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Towards a fair comparison of statistical and dynamical downscaling in the framework of the EURO-CORDEX initiative

Journal: Climatic Change
Year: 2016   Volume: 137
Initial page: 411   Last page: 426
Status: Published
In this status since: 7 May 2016
PDF file: 2016_Casanueva_CC_finaldraft.pdf
Link to PDF: 2016_Casanueva_CC
DOI: 10.1007/s10584-016-1683-4

Both statistical and dynamical downscaling methods are well established techniques to bridge the gap between the coarse information produced by global circulation models and the regional-to-local scales required by the climate change Impacts, Adaptation, and Vulnerability (IAV) communities. A number of studies have analyzed the relative merits of each technique by inter-comparing their performance in reproducing the observed climate, as given by a number of climatic indices (e.g. mean values, percentiles, spells). However, in this paper we stress that fair comparisons should be based on indices that are not affected by the calibration towards the observed climate used for some of the methods.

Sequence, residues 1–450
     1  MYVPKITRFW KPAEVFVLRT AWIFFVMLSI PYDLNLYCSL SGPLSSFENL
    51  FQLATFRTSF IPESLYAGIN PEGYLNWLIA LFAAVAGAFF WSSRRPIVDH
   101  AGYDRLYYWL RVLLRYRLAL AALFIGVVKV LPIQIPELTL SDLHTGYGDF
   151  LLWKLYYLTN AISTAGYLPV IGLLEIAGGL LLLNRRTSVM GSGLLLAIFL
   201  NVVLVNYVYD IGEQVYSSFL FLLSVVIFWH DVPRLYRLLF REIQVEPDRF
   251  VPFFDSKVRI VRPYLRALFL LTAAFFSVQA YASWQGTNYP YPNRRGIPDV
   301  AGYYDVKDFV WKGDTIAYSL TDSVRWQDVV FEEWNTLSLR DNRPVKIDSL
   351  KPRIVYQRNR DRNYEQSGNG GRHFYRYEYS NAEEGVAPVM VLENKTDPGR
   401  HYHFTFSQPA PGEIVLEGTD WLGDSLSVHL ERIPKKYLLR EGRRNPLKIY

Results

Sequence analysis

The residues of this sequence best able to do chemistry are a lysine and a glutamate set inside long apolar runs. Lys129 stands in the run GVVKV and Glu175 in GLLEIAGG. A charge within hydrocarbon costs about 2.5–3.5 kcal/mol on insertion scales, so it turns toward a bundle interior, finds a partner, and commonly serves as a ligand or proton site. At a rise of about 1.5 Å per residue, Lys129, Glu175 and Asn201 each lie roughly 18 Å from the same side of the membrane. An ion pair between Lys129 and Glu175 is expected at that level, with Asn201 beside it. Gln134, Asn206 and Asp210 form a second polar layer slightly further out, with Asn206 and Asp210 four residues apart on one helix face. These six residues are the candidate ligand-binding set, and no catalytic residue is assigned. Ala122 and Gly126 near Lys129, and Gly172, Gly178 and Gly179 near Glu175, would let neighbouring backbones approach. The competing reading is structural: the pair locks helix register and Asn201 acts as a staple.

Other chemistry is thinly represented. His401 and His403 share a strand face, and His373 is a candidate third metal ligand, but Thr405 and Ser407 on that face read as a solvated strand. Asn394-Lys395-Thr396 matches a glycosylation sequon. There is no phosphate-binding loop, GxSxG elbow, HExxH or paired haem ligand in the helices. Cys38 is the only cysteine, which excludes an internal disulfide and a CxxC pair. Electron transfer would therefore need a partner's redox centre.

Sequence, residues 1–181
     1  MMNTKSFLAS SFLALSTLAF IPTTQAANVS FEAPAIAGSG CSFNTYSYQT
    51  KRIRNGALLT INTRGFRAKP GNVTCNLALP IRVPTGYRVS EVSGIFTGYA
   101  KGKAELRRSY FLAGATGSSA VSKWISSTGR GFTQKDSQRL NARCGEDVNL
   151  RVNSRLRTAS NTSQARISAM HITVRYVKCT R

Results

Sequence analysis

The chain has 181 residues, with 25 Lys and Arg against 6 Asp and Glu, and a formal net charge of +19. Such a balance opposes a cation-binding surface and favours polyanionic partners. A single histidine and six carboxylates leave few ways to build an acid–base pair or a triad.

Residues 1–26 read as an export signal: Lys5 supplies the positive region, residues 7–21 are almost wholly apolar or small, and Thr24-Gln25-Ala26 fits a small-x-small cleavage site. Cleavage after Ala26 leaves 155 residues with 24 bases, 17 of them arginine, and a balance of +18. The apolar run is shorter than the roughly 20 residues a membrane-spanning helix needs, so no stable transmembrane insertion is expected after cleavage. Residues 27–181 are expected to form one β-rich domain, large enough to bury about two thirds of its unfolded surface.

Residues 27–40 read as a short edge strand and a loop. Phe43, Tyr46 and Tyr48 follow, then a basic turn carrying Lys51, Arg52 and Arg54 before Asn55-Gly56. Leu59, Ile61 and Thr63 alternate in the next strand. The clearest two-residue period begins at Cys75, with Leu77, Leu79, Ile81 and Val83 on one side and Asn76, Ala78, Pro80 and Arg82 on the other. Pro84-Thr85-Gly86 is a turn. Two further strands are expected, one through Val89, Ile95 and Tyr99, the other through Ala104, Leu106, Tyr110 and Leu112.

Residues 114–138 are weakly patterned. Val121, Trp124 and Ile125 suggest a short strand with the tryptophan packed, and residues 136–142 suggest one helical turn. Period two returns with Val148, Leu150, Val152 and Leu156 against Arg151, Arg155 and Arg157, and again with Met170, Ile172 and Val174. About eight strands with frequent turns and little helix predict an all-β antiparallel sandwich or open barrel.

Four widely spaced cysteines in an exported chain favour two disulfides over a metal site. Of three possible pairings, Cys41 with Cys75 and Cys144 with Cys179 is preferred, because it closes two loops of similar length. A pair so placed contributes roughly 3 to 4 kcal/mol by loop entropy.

We focus on precipitation (over continental Spain) and consider the output of eight Regional Climate Models (RCMs) from the EURO-CORDEX initiative at 0.44º resolution and five Statistical Downscaling Methods (SDMs) —analog resampling, weather typing and generalized linear models— trained using the Spain044 observational gridded dataset on exactly the same RCM grid. The performance of these models is inter-compared in terms of several standard indices —mean precipitation, 90th percentile on wet days, maximum precipitation amount and maximum number of consecutive dry days— taking into account the parameters involved in the SDM training phase. It is shown, that not only the directly affected indices should be carefully analyzed, but also those indirectly influenced (e.g. percentile-based indices for precipitation) which are more difficult to identify.

We also analyze how simple transformations (e.g. linear scaling) could be applied to the outputs of the uncalibrated methods in order to put SDMs and RCMs on equal footing, and thus perform a fairer comparison.